Food - Drink
Why You Should Pay Attention To The Tail
Of Your Watermelon
By KATIE LENHARDT
Few things bring disappointment to the barbeque like biting into a flavorless, mushy wedge of watermelon. You've seen folks conducting all sorts of ripeness-testing rituals at the grocery store and probably received plenty of old wives' tale advice from self-proclaimed expert melon pickers.
In addition to a uniform visual appearance, fruity aroma, and hefty weight, Master Class suggests going right to the root, or stem, of the ripeness issue. When a watermelon is harvested too early, the tail will remain green, indicating that the inner fruit has not reached its full flavor potential.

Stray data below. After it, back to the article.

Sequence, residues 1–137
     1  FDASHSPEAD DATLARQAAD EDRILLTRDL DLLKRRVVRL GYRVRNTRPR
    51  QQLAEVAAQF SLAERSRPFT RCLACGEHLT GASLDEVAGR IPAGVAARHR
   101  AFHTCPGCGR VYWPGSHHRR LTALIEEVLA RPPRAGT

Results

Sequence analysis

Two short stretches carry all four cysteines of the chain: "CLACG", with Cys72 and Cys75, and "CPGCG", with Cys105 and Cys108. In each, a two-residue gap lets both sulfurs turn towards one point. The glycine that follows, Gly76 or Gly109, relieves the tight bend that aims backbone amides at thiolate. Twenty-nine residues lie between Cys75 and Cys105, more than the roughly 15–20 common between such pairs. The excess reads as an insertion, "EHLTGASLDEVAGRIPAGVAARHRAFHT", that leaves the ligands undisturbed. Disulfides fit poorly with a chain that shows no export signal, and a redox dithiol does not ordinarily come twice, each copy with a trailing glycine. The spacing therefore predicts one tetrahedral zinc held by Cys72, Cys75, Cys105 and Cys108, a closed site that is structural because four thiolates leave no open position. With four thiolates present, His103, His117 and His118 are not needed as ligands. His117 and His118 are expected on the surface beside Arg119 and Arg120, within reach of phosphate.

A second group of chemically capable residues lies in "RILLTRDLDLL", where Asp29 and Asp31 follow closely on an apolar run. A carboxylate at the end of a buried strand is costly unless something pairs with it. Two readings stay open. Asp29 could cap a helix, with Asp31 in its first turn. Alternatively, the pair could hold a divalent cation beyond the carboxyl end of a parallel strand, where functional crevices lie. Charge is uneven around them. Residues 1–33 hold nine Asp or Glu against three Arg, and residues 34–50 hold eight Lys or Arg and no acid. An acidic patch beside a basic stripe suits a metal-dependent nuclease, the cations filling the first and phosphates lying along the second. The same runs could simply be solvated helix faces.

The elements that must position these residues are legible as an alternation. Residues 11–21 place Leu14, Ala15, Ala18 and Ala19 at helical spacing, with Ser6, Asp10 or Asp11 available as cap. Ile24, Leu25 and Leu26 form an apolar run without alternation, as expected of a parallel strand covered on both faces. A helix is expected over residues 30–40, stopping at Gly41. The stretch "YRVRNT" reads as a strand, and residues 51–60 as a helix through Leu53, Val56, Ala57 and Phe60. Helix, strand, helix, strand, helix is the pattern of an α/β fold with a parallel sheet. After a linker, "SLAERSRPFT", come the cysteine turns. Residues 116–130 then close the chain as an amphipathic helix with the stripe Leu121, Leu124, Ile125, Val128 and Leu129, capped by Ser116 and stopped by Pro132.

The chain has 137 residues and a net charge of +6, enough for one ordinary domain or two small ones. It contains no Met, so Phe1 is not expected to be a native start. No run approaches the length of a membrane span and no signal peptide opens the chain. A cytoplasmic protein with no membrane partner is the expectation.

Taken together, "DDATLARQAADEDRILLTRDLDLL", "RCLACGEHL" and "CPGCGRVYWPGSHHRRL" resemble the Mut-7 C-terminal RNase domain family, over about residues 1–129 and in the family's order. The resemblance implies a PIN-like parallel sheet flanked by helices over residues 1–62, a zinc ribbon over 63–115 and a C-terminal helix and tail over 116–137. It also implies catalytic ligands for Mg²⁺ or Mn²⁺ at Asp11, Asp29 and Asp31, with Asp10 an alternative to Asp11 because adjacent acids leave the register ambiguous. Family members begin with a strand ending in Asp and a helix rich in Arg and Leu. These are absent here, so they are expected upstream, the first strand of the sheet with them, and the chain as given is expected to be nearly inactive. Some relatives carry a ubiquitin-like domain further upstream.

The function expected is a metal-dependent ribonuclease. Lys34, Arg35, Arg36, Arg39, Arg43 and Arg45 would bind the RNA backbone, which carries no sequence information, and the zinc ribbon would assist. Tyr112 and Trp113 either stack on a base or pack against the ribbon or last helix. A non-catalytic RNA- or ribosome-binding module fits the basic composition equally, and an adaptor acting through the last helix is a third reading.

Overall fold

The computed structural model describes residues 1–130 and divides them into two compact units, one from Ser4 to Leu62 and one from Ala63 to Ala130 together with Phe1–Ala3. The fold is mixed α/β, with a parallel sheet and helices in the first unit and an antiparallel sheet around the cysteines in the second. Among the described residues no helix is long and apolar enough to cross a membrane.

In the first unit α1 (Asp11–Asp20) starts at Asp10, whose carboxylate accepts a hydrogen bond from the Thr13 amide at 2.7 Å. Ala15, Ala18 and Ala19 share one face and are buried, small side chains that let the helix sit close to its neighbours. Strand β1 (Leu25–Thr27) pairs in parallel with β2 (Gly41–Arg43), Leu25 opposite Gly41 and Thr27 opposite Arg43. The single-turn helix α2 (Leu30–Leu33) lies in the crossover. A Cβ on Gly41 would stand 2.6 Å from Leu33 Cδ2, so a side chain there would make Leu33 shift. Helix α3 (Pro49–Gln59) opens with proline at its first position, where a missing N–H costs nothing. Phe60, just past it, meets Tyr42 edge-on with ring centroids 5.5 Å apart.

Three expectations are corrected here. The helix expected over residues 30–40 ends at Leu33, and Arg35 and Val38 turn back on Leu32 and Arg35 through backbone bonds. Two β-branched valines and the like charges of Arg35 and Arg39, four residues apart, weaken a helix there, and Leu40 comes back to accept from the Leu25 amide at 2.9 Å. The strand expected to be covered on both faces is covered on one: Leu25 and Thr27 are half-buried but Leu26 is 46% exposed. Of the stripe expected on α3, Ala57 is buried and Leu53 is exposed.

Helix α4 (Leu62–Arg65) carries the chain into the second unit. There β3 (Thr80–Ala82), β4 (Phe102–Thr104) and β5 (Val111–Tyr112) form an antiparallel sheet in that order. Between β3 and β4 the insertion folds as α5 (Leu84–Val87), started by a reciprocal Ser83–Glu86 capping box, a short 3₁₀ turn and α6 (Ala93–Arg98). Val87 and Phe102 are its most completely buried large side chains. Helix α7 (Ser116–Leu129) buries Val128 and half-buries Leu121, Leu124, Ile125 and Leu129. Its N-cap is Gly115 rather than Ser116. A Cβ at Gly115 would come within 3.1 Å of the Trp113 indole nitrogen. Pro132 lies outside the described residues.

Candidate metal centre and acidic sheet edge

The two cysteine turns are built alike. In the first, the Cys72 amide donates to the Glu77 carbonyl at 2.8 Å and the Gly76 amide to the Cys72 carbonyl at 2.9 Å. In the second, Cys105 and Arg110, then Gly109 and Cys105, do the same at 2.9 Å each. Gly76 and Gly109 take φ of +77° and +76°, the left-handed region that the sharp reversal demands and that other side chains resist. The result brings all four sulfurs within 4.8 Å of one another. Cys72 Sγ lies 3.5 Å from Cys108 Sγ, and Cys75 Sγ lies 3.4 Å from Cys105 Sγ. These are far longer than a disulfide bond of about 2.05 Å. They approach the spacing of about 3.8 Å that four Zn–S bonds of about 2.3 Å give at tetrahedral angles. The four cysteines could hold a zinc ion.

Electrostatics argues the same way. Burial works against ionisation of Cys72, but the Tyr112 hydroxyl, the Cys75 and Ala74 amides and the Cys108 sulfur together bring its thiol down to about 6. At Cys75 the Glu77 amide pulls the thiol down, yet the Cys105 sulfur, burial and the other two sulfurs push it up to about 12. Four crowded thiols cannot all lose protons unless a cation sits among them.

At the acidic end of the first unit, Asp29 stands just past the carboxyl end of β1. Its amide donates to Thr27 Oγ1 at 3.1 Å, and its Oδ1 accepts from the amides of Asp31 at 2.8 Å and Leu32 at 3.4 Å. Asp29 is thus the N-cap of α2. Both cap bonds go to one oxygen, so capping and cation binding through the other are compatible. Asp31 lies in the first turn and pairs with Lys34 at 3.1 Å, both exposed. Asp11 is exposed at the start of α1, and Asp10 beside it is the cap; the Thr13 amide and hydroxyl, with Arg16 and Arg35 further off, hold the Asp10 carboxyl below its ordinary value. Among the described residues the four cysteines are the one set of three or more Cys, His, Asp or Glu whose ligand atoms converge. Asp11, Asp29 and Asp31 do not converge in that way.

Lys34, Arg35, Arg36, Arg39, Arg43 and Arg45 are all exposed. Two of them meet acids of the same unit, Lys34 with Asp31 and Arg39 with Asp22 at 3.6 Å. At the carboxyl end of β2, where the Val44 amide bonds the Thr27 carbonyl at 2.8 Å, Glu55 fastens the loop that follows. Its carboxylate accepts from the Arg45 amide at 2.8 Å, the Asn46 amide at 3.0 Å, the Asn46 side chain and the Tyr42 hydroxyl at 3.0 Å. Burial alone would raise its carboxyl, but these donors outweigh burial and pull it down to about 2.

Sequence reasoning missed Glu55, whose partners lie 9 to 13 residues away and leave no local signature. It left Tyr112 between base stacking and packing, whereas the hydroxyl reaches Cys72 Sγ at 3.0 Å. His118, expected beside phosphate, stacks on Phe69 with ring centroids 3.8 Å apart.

When the tail is brown and dried out, the opposite is true of the fruit inside, and you can feel confident that you are about to enjoy a juicy and sweet watermelon. If other methods seem unapproachable, checking the tail of the watermelon may be one of the easiest methods to identify this delicious fruit at its peak.